The good news should be that the Bulletin of the Atomic Scientists left the Doomsday Clock, a measure of the imminence of nuclear annihilation and climate disaster, unchanged at two minutes to nuclear midnight. This announcement was on Thursday at a news conference in Washington, D.C.

But members of the Bulletin’s executive board insisted that no news was, in fact, bad news.

Citing U.S. relations with North Korea as “extremely dangerous” and with Russia as “unacceptably strained,” chairman and CEO Rachel Bronson decried “the new abnormal that the world inhabits,” a world where reliance on nuclear weapons has replaced diplomacy.

The unchanged time of the Doomsday Clock, she added, “should not be taken as a sign of stability.”
Instead, she said, the Bulletin’s 2019 report finds “the new abnormal that the world inhabits is unsustainable and too volatile to accept.”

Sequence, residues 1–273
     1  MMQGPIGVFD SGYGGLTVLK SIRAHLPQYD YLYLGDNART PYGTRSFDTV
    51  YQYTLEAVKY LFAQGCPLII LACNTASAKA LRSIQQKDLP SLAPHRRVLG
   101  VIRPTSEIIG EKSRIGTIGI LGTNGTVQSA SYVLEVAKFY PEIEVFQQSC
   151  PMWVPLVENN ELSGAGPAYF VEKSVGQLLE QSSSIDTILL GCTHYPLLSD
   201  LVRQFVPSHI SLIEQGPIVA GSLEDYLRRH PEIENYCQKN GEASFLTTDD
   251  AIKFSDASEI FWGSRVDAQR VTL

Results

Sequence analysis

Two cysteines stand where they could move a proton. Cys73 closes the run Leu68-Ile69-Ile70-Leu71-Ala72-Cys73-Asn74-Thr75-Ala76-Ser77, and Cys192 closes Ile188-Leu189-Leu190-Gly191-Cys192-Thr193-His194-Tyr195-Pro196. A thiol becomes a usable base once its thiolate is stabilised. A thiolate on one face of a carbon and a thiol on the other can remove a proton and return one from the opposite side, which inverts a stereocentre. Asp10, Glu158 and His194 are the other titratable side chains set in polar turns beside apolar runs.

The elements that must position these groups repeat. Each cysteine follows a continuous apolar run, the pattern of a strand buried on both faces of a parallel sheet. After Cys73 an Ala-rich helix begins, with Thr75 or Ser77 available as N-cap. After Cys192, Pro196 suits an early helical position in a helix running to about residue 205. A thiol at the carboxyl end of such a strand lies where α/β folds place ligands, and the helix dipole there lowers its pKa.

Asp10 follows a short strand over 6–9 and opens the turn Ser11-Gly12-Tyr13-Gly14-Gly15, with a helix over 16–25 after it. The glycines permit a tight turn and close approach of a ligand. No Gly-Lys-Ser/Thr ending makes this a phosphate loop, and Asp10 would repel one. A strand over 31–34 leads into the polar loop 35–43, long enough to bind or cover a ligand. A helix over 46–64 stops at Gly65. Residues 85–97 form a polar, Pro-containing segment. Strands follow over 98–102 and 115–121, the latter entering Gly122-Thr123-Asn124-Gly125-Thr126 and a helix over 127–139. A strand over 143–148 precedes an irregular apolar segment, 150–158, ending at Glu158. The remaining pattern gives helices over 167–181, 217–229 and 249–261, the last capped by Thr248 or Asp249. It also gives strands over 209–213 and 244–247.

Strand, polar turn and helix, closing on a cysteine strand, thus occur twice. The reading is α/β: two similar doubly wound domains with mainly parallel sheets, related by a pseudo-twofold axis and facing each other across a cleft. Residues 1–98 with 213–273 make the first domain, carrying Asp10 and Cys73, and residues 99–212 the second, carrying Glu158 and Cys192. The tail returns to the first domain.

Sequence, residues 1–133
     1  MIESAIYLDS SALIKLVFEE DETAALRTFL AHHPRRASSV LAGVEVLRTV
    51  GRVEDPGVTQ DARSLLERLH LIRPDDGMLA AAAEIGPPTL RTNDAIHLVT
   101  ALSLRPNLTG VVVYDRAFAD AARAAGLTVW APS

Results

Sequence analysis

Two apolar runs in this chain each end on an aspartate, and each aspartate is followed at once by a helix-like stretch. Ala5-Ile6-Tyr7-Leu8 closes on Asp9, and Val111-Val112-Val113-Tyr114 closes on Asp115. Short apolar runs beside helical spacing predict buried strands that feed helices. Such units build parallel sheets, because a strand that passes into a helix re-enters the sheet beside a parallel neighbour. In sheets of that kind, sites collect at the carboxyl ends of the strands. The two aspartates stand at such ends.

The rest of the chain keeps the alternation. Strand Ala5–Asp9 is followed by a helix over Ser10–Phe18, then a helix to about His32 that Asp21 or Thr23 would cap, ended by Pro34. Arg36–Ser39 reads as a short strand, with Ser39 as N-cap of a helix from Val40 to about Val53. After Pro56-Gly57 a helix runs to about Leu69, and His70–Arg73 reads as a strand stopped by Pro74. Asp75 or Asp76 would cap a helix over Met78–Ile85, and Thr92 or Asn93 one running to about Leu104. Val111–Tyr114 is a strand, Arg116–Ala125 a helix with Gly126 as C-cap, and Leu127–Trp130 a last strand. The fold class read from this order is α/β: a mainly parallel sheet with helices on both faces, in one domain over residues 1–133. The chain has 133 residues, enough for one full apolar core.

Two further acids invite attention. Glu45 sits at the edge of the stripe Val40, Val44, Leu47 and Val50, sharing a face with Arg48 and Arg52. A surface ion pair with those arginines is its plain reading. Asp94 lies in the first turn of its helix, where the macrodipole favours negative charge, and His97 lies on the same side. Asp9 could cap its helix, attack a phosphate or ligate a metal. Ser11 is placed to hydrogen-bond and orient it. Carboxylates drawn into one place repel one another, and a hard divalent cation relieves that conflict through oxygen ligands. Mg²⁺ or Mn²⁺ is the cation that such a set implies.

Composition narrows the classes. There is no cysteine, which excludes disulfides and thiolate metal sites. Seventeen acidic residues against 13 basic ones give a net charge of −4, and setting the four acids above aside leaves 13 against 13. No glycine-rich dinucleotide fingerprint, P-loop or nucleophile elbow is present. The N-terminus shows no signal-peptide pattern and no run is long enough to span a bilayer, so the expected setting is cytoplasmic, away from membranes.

The Doomsday Clock project, originating in 1947, “is a design that warns the public about how close we are to destroying our world with dangerous technologies of our own making. It is a metaphor, a reminder of the perils we must address if we are to survive on the planet,” according to its site. Initiated during the threat of nuclear war, it factored in climate change in 2007, and strongly emphasized in this recent report that a failure to reduce emissions into the atmosphere only worsens the potential for flooding and wildfires. The project also considers cyber-warfare a risk.

The clock is now unchanged after moving 30 seconds closer to midnight each of the last two years.

First, the nuclear front. “The nuclear dangers are not because we expect an attack from Russia, but that we will blunder into a nuclear war,” said former Secretary of Defense William J. Perry, citing the possibility of regional nuclear wars between Pakistan and India and on the Korean peninsula and the potential for nuclear terrorism.

Then, climate concerns. Susan Solomon, an environmental studies professor at the Massachusetts Institute of Technology, issued dire warnings about climate change and its impact on the planet. Greenland, she said, is seeing its ice melt “at an unprecedented rate” and that 2018 will likely be declared the fourth warmest year on Earth since record-keeping began. The World Meteorological Organization confirmed this in November, 2018.